In recent years the AHDC has dealt with several high-morbidity and high-mortality outbreaks of Salmonella Dublin in New York and other states. To address the problem before it grows further, Dr. Bettina Wagner, director of the Serology and Immunology Section of the AHDC laboratory, secured the nation’s first USDA permit to import and use the enhanced test.

While Salmonella Dublin usually doesn’t make adults cows very sick, it can wreak havoc on young and unborn calves, particularly in populations like those in the East Coast that haven’t been exposed. Its resistance to many common antibiotics severely limits treatment options and, to make matters even worse, it often presents as respiratory disease, throwing off track veterinarians trained to recognize diarrhea as salmonella’s telltale sign.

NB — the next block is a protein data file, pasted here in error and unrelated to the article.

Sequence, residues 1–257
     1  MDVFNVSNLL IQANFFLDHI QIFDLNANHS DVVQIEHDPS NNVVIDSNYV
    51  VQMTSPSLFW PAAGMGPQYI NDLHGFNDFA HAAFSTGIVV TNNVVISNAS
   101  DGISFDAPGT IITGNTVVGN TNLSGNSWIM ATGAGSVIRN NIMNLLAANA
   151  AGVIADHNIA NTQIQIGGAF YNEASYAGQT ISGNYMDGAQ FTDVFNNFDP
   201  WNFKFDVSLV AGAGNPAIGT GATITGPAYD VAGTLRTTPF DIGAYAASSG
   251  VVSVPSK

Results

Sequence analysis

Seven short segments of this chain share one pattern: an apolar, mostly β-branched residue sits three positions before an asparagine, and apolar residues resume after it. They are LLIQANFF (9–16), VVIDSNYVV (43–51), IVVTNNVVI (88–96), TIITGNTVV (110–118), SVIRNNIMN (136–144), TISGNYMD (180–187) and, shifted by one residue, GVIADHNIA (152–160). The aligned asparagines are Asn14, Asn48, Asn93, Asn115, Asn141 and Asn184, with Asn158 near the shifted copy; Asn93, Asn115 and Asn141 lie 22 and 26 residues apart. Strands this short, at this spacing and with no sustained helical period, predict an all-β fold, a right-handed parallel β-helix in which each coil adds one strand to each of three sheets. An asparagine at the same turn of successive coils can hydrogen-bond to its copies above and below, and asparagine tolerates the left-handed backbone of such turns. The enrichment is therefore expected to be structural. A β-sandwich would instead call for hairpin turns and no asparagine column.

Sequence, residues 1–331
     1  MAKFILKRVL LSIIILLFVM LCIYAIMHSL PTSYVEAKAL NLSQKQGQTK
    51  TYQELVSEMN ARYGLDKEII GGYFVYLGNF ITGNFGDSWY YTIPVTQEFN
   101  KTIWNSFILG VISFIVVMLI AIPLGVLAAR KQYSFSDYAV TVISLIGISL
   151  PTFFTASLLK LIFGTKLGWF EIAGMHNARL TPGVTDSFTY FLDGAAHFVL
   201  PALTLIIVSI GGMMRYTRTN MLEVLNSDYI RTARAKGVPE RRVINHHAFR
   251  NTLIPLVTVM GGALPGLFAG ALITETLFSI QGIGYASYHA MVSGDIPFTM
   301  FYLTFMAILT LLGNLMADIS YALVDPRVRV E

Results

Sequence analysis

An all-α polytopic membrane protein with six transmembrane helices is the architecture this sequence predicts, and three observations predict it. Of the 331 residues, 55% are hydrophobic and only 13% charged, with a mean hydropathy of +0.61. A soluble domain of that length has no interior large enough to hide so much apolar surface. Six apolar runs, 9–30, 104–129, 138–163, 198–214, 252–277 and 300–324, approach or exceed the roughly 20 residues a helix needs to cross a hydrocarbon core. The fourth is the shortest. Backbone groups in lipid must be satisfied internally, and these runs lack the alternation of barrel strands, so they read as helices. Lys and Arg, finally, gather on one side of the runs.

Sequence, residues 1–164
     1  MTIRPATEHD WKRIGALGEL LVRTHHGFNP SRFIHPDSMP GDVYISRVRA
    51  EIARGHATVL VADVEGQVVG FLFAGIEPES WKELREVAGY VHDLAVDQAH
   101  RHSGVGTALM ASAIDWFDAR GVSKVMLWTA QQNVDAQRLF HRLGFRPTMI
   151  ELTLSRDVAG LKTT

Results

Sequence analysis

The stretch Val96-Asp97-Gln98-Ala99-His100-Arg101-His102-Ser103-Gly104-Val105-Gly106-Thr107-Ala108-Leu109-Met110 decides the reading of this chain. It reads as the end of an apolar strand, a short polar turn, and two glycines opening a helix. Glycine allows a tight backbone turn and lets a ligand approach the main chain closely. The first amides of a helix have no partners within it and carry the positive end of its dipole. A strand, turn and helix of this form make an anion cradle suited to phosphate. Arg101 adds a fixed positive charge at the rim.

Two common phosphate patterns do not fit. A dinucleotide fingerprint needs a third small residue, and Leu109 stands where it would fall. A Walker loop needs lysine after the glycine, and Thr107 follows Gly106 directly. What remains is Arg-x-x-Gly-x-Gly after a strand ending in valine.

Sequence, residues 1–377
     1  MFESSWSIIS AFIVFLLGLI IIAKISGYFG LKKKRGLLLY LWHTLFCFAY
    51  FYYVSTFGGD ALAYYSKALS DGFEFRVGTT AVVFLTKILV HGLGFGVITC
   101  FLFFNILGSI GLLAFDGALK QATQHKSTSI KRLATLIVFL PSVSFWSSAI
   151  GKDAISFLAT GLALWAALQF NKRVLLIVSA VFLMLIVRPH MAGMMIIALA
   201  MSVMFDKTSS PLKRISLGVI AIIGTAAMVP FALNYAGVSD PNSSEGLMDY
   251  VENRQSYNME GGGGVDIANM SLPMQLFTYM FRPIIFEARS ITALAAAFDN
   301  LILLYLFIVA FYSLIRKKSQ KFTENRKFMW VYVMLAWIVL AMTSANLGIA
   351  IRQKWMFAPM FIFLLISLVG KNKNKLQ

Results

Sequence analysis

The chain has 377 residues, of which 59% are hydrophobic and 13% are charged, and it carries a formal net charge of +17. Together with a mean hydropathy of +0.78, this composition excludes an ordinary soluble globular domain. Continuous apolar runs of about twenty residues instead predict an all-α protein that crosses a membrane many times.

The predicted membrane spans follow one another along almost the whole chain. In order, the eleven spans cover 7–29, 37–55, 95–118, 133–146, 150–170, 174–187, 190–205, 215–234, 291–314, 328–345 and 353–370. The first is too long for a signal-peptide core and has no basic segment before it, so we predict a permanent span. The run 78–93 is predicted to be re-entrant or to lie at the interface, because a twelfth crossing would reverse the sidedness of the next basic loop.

“Infected calves often look fine the day before a sudden rapid onset, the next day they look depressed, and the next day they die,” said Dr. Paul Virkler, senior extension associate at the AHDC. “Veterinarians often think it’s something else-. We’ve seen newly infected herds in which every single calf in a particular age group dies. We’re trying to keep this from getting to baby calves, the life and future of a farm, and the animals most at risk.”

People working with cattle are also at risk. All Salmonella strains affect most vertebrates and can jump between species. Even carriers that don’t seem sick can shed bacteria, and people, companion animals, and other livestock can pick up the infection through contact with any bodily excretion.

“People have died drinking raw milk with Salmonella Dublin,” said Virkler. “It’s one of the bad players in raw milk. Pasteurizing milk will kill the bacteria.”